As for gallon it is from the Middle English gallon which is from Anglo-Norman French galon, which is from the base of medieval Latin galleta, galletum ‘pail, liquid measure,’ perhaps of Celtic origin.
I think it's fine question to ask because finding out the origins can help you understand and remember. For example lb, the abbreviation for pounds comes from Latin libra for scales. That can help you remember the strange abbreviation.
EDIT: This is wrong, the answer is 2 cups, I just looked at this and it didn't make much sense to me. There are 8 fluid ounces to a cup so you multiply both sides by 2 and you get 16(fluid ounces) = 2 cups
says what I need help on so plz answer as fast
8 pint / 1 galon * 2 cups / 1 pint
Why not multiply the pints with the pints? I mean I learned the process: if fraction 1 has pint at numerator,fraction 2 should have it at denominator,but I just don't understand why.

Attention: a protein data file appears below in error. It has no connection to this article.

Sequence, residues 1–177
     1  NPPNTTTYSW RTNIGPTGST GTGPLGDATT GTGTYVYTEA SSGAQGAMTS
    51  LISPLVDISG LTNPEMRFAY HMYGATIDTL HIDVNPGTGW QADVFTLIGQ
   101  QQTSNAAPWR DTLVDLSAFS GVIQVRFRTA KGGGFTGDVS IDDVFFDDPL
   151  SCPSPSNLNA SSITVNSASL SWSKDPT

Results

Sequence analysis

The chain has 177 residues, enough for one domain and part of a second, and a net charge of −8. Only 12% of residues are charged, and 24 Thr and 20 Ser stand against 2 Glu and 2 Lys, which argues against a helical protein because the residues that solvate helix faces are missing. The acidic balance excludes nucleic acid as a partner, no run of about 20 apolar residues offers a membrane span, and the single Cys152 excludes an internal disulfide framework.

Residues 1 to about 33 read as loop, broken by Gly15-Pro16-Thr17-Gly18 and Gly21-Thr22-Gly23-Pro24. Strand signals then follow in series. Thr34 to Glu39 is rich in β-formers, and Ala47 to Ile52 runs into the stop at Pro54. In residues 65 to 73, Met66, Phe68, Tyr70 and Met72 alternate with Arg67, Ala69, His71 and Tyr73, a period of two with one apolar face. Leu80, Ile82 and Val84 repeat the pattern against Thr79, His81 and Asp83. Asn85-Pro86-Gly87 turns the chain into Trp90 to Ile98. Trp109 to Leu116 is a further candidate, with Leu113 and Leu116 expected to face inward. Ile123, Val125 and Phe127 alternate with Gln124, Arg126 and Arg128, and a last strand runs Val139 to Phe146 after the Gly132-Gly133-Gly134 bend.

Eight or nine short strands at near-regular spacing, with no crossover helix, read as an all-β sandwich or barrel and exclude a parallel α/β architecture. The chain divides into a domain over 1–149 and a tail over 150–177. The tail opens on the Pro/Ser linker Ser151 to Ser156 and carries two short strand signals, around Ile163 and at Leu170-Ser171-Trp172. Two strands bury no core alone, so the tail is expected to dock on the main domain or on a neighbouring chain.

8 pints 2 cups
-------- * ------
1 gallon 1 pint
If you multiplied the pints, you would get
2 cupic gallons
Now does that make any sense? No!
When you multiply Sal's together, you will get
8 pint(s) * 2 cups
1 pint * 1 gallon
Notice that I switched around the gallon and the pint at the bottom to make the next step more understandable. This works perfectly due to the commutative property of multiplication.
Now remember how you can simplify
2 * 6
2 * 2
By getting rid of the 2 altogether? This works because they are being multiplied, which is the opposite of division. 12 / 4 is 3, just like 6 / 2